Kong: Skull Island

Kong: Skull Island ★★★★

Against my initial assumptions, I'm pleasantly surprised to find that Kong: Skull Island not only holds up on a second rewatch – the first being a t*rrent – but it’s got quite a lot to it thematically. There seems to be a trend with ambitious blockbusters of the 2010s that people find nitpicky critiques in an attempt to bash the film, or at least with these MonsterVerse films, and I find that although some of the criticisms of Kong: Skull Island are maybe more valid than Edwards’ film in the series, I still find that Vogt-Roberts has some sort of intention and maybe, just maybe, people aren’t reading too deeply into what he’s doing with the film.

My major problem with the film when I first viewed it was that it’s basically Vogt-Roberts doing his own rendition of Apocalypse Now and I still stand by that criticism, albeit I’ve detracted some of it: yes, it’s extremely distracting to watch because we’re constantly reminded of that film and it seems like Vogt-Roberts was only making this film to showcase his undying love for Coppola’s masterpiece. But the intention there is akin to the almost dream-like beauty of the original King Kong, a film birthed from the imagination of possibilities – the influence that it has had on film is unquestioned and I find that Vogt-Roberts' passion for Cinema and what it’s meant to him is on full-display here.

Thematically, the film continues the human insignificance exploration that Edwards’ film lays out – this time, it’s placed towards the end of the Vietnam war, where America was realizing that they were losing; Sam Jackson’s character is the key to this film’s correlation – on top of the fact that Vogt-Roberts has created a film that is completely Anti-American in concept and creation (which, if we’re being honest, I’m all for). Jackson’s character, towards the beginning of the film, sits at his desk and looks over at his possessions: we get a clear sense of melancholy from him, not because he is being deployed but because he is returning home failing his country. When he is given the chance to dive back into a mission, he jumps at the chance.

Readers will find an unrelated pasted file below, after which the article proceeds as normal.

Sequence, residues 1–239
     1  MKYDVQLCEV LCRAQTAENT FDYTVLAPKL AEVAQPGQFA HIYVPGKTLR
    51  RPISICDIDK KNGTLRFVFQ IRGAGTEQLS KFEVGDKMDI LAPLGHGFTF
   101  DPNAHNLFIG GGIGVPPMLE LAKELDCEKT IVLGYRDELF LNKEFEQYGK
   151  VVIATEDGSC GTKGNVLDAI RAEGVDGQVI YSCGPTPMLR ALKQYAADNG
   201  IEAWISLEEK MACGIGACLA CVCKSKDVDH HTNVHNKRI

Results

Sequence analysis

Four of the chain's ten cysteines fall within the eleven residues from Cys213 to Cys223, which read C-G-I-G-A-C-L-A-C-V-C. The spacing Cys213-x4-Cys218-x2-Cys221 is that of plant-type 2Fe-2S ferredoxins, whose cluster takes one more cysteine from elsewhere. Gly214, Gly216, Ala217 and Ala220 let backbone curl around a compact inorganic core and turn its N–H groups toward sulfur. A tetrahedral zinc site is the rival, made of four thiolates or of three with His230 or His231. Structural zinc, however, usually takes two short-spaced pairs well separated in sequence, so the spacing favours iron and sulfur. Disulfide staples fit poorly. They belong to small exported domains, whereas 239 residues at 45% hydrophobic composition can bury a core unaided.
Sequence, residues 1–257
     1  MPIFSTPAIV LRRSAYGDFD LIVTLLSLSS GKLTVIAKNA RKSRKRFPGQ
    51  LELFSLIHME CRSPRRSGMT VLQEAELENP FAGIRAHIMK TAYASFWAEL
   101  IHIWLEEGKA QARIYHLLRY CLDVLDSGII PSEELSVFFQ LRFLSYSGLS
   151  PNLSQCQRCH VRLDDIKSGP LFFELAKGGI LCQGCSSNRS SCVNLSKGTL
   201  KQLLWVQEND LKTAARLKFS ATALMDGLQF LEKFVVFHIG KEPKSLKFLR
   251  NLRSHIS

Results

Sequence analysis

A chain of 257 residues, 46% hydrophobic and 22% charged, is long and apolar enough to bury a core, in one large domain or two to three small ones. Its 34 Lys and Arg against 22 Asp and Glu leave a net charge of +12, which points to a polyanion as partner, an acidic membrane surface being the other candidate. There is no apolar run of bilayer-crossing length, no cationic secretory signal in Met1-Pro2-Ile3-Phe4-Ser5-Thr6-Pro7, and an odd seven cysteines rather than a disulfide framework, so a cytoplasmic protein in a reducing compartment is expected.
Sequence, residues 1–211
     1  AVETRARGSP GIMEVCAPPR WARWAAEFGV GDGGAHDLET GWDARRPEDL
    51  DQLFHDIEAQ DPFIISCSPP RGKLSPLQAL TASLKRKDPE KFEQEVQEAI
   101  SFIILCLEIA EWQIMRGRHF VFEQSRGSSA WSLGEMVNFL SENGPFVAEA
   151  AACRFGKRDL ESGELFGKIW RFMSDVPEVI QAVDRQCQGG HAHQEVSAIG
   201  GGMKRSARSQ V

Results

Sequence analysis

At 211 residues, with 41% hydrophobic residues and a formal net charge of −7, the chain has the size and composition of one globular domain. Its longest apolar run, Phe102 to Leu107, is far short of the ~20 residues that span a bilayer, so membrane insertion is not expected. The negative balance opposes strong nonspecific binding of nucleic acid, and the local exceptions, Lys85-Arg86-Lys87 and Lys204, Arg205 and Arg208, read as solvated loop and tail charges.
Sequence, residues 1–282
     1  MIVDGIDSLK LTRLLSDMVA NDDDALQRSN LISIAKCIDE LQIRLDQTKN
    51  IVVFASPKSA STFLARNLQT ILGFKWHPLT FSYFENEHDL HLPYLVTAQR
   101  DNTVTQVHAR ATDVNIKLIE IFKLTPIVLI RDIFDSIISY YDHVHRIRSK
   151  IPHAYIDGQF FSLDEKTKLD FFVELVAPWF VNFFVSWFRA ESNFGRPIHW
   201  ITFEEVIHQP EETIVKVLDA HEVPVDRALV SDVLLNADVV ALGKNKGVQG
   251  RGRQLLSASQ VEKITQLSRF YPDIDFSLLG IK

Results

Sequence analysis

There can be an argument that this works itself into another example of 2010s films that are scathing critiques of American life and culture: think Eastwood’s The 15:17 to Paris or American Sniper as examples of this. Jackson’s character is someone who believes in America’s supremacy, who believes in the idea that Man is God. When he realizes the country is pulling out of Vietnam, he becomes disillusioned and believes his time in Vietnam was pointless – he gravitates towards the mission because he has to gain control and he has to prove that Man is still in control, that America is still in control. Through him, countless individuals meet their end on Skull Island, choosing ignorance over the logic and reasoning from John C. Reilly’s character, who is legitimately giving an incredible performance.

But like Godzilla: 2014, the American Man is not in control: history has proven this – the setting is also extremely pivotal in this being evident – and through death and destruction, blinded ignorance and compensation, Kong, like his lizard counterpart, makes this extremely clear that Man is not a God. And when those two meet up... who the fuck knows what’s going to happen.

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